[e-lang] octave method?
David Chizmadia (JHU)
chiz at cs.jhu.edu
Mon Aug 27 08:56:00 EDT 2007
I've taught a Security Risk Assessment course 3 times for JHU's
Information Security Institute where I used the OCTAVE method as the
pedagogical focus, so I have some background in its theory and use.
bryan rasmussen wrote:
> Does anyone see any applicability of the octave method to Capability
> based security systems or is it only useful for access control?
OCTAVE is a method for conducting organizational security risk
assessments based on the business processes of the target
organization. It doesn't have much, if any, bias towards any
particular policy (Confidentiality, Integrity, Availability) or
mechanism (Access Control, Security Auditing, I&A, etc). It involves
looking at an organization's business objectives and regulatory
compliance constraints and using the information to derive a set of
security objectives. The analysts then compare those security
objectives with the security provided by the IT infrastructure to
determine where there are gaps and prioritize the process of closing
In that sense it is technology neutral. Since OCTAVE also
considers non-IT components of a complete information security
system, I believe that an object capabilities perspective would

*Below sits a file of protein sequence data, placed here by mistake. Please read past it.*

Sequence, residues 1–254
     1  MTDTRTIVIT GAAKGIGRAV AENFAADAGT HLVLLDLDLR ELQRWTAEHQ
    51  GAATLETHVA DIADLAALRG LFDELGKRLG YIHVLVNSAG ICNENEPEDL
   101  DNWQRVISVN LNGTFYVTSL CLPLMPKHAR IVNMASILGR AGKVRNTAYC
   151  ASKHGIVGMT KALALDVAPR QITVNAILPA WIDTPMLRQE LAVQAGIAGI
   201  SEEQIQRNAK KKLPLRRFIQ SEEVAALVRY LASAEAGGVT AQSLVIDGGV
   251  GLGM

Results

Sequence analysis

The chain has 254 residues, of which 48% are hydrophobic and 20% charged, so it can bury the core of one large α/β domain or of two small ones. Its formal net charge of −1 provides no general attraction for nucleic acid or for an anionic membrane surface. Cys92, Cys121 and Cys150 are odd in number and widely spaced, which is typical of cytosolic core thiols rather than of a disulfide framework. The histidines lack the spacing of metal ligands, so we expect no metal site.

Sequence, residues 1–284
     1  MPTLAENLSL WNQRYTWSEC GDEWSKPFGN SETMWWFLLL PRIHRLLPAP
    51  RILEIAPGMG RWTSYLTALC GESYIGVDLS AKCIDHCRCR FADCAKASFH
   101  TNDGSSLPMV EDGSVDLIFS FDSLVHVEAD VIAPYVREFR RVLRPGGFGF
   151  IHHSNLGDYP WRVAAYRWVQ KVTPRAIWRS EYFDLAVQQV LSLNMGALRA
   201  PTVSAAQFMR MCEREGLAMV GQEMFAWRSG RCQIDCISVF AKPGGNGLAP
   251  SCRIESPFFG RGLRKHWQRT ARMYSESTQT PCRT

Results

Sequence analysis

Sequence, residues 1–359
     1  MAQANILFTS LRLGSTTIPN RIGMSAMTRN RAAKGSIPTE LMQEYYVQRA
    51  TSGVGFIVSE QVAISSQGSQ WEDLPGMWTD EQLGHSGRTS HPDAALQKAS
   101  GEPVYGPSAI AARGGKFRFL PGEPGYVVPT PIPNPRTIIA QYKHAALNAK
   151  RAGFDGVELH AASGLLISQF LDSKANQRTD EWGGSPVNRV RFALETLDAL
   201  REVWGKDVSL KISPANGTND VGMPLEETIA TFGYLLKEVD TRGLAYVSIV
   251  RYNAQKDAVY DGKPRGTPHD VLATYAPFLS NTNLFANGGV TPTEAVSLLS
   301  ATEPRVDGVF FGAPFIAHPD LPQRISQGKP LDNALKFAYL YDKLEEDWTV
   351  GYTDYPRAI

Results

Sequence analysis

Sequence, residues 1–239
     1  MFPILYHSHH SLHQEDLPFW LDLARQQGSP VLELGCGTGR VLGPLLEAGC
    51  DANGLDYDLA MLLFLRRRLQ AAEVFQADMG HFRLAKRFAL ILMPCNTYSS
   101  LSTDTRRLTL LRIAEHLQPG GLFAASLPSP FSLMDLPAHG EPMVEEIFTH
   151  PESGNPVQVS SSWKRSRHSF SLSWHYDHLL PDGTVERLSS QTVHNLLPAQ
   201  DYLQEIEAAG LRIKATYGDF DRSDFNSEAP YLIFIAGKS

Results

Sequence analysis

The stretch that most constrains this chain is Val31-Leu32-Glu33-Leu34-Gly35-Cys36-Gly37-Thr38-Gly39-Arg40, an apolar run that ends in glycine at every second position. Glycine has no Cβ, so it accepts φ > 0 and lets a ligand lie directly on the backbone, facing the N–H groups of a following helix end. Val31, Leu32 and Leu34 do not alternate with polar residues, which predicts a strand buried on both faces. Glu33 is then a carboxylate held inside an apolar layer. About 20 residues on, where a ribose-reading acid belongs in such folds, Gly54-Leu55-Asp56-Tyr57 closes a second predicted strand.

actually be helpful, since it is equally applicable to IT, humans,
and processes. But that is just my opinion...
> If it isn't useful can you think of a risk assessment method for
> assessing capability needs in an organization? (does that make sense)
I don't think the question makes sense. Pretty much all *useful*
security risk assessment methods are neutral with respect to IT
> Finally, if there is a governmental report saying Octave was used for
> risk assessment because
> 'metodens principper internationalt anerkendes som "state of the art".'
> The methods principles are internationally recognized as being "state
> of the art"
> Do you think this seems like a reasonable assessment as to what is
> state of the art?
I believe that OCTAVE remains "state-of-the-art" with respect to
comprehensive security risk assessment methods. There are certainly
more recent - and probably more effective - methods that look *only*
at the IT component. But those methods are usually not as useful to
the organization as a whole, because they don't consider parts of
the business that are not currently automated.
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